Tracking Changes in a Simulated Human Gastrointestinal Environment following the Introduction of High and Low Virulence Salmonella enterica isolates

Simon, Ceylon
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University of Guelph

Over 2,500 serotypes of Salmonella enterica subspecies enterica exist, however research has focused on epidemiologically relevant serotypes. Changes in a Simulator of the Human Intestinal Microbial Ecosystem (SHIME) model mimicking a healthy human adult were assessed following the introduction of one high virulence (S. Heidelberg (S428)) and one low virulence (S. Falkensee (S37)) S. enterica isolate. Differences in isolate survival, microbial community and metabolic composition, and prophage induction in the gastrointestinal model were analyzed. S. Heidelberg (S428) had enhanced survival and a greater impact on the gastrointestinal metabolome compared to S. Falkensee (S37). Both isolates caused a significant shift in the beta-diversity of proximal colon samples compared to the control. Potential prophage induction was found early (0 h and 6 h) in the treatment period. Community shifts in response to high and low virulence S. enterica strains in the gastrointestinal environment may therefore contribute to their epidemiological importance.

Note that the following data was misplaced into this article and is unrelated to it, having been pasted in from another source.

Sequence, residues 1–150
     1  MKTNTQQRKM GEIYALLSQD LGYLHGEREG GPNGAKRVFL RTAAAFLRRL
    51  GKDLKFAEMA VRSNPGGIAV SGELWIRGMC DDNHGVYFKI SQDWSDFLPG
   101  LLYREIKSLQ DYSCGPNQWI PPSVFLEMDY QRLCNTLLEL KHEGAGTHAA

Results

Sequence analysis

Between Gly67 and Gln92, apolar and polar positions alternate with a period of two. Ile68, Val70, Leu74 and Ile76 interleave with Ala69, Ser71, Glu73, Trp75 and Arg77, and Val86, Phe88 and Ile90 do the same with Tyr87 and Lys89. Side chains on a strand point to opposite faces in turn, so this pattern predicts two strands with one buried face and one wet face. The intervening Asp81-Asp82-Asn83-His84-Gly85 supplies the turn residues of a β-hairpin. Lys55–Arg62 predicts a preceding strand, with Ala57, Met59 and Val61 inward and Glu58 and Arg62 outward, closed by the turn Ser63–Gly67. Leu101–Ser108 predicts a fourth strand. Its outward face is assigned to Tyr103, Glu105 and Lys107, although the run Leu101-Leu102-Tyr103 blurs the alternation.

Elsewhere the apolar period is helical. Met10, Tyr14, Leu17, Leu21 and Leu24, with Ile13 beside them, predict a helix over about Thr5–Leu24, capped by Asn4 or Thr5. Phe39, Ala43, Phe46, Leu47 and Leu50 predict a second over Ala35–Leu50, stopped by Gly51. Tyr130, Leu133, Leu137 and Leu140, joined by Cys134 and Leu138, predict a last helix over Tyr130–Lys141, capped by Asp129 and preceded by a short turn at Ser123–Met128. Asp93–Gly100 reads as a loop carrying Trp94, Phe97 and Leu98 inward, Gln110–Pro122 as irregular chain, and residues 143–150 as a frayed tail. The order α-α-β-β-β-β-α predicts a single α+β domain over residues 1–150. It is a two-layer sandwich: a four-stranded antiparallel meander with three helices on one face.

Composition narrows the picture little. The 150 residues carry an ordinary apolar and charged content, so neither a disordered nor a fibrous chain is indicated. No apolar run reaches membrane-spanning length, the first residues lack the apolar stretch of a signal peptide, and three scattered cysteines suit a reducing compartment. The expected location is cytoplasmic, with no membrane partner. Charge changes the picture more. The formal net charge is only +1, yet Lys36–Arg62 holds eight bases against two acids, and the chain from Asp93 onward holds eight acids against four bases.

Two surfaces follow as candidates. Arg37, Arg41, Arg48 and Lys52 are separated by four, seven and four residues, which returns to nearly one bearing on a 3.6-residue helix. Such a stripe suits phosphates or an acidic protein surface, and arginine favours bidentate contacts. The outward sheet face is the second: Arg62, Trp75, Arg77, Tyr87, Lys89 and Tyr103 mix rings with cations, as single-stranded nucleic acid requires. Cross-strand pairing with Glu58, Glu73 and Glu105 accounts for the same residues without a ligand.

Salmonella, S. enterica, SHIME, virulence, serotype, survival, microbial community, metabolite, metabolomics, microbiome, gut, gastrointestinal, community shifts, prophages, phage, prophage induction, metagenomics, gut model